As the sharing economy grows, we must increase our awareness of how different populations interact with this burgeoning economy. Women, taken as a whole, are likely to use and experience sharing services differently than men, given the unique economic and safety issues they face. For many women, the risks are much different than they are for men.
When a coffeeshop inside the main branch of the Oak Park, Ill. library closed, library staff and administrators found themselves facing a decision: what to do with the now-vacant, very visible space? After tossing around ideas they came up with a plan to turn it into a collaboratively creative space, and the Idea Box was born.
Our democratic system is based on the idea that citizens play an important role in how government decisions get made.
Without citizen participation, democracy doesn’t work. Our founding fathers were meticulously clear on this point. We must all share in the effort of making sure government works as we want it to, and assume the responsibility of taking action when it doesn’t.
The famous patriot and founding father Thomas Paine once famously said:
Working at a business incubator in San Francisco, I see incredible social innovations springing up from nonprofits, start-ups, and small businesses everyday. But the truth is, the big guys down the road in Silicon Valley are setting a fierce pace by sharing their core technology, for social good.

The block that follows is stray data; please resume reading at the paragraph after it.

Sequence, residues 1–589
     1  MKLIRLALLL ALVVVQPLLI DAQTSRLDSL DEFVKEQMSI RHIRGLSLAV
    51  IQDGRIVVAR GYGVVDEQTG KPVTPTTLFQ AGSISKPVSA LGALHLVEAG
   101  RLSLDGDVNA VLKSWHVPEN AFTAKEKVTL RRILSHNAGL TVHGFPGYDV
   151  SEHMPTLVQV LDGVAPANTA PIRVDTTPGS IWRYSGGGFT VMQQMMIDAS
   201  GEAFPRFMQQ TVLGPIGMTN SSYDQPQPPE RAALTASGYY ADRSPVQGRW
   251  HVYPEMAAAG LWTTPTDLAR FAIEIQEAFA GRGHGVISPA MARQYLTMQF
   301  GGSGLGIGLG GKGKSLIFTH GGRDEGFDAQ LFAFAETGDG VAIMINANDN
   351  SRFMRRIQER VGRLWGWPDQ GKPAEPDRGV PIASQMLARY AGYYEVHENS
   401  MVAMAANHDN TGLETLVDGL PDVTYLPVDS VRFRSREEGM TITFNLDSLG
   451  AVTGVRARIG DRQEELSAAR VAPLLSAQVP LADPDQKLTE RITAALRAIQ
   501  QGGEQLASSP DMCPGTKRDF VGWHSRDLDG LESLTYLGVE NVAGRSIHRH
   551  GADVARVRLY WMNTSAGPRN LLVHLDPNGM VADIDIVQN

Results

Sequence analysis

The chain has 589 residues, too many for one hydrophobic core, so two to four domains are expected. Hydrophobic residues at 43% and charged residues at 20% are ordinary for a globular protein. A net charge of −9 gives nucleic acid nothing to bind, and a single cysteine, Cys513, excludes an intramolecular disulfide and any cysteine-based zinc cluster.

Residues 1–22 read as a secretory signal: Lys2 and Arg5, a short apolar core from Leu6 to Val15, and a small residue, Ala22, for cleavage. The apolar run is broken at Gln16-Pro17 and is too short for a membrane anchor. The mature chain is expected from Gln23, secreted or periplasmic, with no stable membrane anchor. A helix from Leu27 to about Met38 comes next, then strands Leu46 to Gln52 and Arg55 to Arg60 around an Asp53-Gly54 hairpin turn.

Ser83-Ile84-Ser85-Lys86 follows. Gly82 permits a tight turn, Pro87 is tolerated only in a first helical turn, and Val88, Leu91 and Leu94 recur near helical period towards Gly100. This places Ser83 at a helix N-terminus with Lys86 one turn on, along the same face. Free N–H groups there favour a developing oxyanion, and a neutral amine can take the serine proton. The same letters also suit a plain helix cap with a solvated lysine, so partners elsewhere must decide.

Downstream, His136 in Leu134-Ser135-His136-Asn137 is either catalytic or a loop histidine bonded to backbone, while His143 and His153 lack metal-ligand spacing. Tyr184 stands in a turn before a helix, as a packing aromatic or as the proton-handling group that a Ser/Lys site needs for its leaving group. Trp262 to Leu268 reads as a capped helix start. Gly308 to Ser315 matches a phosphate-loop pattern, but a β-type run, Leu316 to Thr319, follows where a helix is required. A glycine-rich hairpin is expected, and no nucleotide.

Here’s what they’re doing to lead the field and how your social enterprise can benefit.
Next time you’re at a festival, take a look around and know that you are part of something ancient. Whether swaying to music in a sea of dancing bodies, riding camels in India, wearing a loincloth in Japan or shooting strangers with squirt guns full of wine in Spain, participation in festivals has long been a part of the human experience.
The release of two studies on the market potential of collaborative consumption in short succession suggests that sharing economy's growth is accelerating. Two years ago Shareable released “The New Sharing Economy”, a study conducted in conjunction with Latitude Research, in which we mapped the nascent collaborative consumption space.
The news that a city will be getting a new Walmart often evokes a mixture of dread, anger, and apathy from its residents.
The global giant has captured a huge portion of the discount retail market share, claiming it helps people "live better" thanks to absurdly low prices. Of course, Walmart's low prices are only possible because of low standards of living, low wages paid to those in its supply chain, and low levels of concern for it own employees, but I digress.
I was gone for almost a year, all told. I was on a bike, in a tent, most of that year. Before leaving, I had tucked into the deepest corner of my back pannier my house keys, small jangling embodiments of a fact that served as both security blanket and threat throughout my 3,500 mile bike ride: eventually, I would go back home.
In 2006, Jessy Kate Schingler and four other young engineers landed jobs at NASA’s Ames Research Center. They suddenly needed a place to live in Silicon Valley, but rather than opt for cheap housing with a long commute, they pooled their resources and rented a palatial 5,000 square foot property in Cupertino. The Rainbow Mansion was born.